I’ve applied and interviewed for many jobs. There have been the “bread jobs,” as my acting teachers called them (those that are all about the paycheck); acting gigs; teaching jobs; and an array of others. Recently, I’ve found myself in two job interviews in which the subject of yoga arose. I believe it was those conversations, rather than my resume, that got me hired.
A year ago, I decided to go back to waiting tables to support my return to school. I chose the most popular restaurant in my town; I’d heard it was impossible to get hired there if you didn’t have an “in” (which I didn’t), but I decided to give it a shot anyway.
In my interview with the owner, I told him a bit of my story, and, when I spoke about how yoga figures in my life, he simply repeated the word “yoga” very slowly. “You practice every day?” he asked. I told him that I try to—and then the words “I have to!” slipped out by themselves.
He looked at me and nodded in silent agreement, seeming to relate to the idea of being so dedicated to something that you need it to survive. “Okay, come in on Saturday—you can start then,” he said, and walked away.
More recently, I interviewed for another job, this time in my field: acting. The interview process took hours, and I met with numerous people. In my final interview—with the man I’d actually be working for—he asked a question that caught me off guard: “How does your experience with yoga relate to your acting?”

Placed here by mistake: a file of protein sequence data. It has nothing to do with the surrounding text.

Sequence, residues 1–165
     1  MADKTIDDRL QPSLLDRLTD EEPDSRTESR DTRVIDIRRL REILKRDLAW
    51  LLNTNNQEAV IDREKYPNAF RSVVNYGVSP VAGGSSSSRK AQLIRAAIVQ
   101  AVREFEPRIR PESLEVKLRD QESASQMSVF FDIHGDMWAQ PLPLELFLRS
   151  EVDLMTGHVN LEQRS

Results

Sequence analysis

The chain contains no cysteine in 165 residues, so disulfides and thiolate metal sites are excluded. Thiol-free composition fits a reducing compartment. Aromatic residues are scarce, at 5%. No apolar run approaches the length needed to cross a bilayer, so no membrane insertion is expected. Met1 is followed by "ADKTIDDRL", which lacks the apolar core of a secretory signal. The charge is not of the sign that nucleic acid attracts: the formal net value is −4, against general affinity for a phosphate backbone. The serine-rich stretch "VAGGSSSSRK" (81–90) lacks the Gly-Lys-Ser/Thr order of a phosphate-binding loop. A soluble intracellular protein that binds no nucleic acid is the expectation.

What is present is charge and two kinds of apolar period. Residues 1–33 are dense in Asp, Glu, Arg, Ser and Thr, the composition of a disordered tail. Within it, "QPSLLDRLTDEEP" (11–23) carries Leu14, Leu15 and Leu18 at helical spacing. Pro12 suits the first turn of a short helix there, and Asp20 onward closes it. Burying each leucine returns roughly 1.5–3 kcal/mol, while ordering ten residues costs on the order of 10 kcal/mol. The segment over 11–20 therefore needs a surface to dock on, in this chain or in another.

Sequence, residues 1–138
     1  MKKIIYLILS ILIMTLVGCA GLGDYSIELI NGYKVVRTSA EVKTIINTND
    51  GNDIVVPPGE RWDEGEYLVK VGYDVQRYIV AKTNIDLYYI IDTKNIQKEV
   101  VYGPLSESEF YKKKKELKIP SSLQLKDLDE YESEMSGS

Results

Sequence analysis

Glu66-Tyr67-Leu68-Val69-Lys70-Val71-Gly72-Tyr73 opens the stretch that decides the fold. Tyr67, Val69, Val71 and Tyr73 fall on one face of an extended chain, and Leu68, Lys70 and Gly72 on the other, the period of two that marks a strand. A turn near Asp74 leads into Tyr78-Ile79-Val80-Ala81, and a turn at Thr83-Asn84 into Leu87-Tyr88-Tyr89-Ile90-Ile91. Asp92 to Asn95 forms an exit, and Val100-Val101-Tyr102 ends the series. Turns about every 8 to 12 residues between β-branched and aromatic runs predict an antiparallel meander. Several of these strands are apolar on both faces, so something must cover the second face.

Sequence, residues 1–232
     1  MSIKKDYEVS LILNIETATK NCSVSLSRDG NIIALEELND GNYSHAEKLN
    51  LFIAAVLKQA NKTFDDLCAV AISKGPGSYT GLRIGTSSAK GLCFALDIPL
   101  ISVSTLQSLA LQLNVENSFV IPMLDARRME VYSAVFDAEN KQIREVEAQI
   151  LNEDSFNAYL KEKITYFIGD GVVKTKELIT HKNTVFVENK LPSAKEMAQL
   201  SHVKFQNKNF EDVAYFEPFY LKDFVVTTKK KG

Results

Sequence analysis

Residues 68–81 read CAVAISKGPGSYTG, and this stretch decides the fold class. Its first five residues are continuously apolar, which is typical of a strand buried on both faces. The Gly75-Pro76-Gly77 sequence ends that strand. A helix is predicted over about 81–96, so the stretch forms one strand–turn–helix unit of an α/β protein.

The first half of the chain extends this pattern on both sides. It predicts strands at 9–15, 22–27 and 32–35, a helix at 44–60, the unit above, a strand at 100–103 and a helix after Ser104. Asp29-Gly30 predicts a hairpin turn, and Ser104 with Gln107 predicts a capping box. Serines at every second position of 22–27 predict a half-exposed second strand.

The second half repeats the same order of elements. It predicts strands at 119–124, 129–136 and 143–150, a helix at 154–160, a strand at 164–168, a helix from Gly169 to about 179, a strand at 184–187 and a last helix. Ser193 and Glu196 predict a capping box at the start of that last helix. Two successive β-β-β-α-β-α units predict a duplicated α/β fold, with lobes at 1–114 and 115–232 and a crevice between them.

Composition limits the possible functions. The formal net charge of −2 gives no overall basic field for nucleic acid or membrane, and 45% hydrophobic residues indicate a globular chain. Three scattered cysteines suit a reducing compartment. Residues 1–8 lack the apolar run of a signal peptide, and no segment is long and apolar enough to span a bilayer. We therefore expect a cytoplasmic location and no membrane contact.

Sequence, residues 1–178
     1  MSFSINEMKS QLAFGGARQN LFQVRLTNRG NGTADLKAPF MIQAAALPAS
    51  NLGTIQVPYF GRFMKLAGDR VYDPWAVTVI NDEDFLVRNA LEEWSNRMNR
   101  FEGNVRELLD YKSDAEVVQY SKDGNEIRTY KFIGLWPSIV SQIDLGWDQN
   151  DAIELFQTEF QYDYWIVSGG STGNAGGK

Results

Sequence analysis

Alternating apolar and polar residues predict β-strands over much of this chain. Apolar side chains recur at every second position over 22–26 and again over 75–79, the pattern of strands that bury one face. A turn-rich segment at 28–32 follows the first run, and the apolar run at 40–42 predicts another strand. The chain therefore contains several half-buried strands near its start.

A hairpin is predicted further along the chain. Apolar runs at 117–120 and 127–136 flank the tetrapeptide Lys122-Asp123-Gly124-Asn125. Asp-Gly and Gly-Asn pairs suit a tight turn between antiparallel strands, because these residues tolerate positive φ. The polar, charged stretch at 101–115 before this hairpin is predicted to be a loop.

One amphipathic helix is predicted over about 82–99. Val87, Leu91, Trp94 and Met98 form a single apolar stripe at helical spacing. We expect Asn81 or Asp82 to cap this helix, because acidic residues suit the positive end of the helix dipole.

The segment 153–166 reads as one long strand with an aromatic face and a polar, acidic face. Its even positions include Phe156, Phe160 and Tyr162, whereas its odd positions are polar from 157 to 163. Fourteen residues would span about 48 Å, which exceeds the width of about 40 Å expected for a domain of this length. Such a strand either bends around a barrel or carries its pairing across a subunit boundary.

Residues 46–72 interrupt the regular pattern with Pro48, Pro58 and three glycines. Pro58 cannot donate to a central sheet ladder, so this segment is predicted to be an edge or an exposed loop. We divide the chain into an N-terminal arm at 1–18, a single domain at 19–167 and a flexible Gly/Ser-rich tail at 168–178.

Something about this question allowed me to breathe more deeply for the first time that day. Despite the interview setting, I let myself speak my truth. “I think that we put on many masks and, with art, it’s about taking off the mask. So is yoga. Yoga helps to remind actors—or anyone—that what they have to offer is enough. And in the moments we trust that, the most beautiful performances occur.”
“I sense we speak a similar language,” he said. I got the job.
This ability to “talk yoga” has been an unexpected gift since I started on my yoga path more than five years ago. My teaching experience and personal practice have added such richness to so many areas of my life. This common language has created opportunities for me to work with some incredible human beings—people who are teachers and truth seekers, people who tell the truth and ask to be challenged daily. So don’t be shy! Talk your yoga walk—you never know where it might lead you.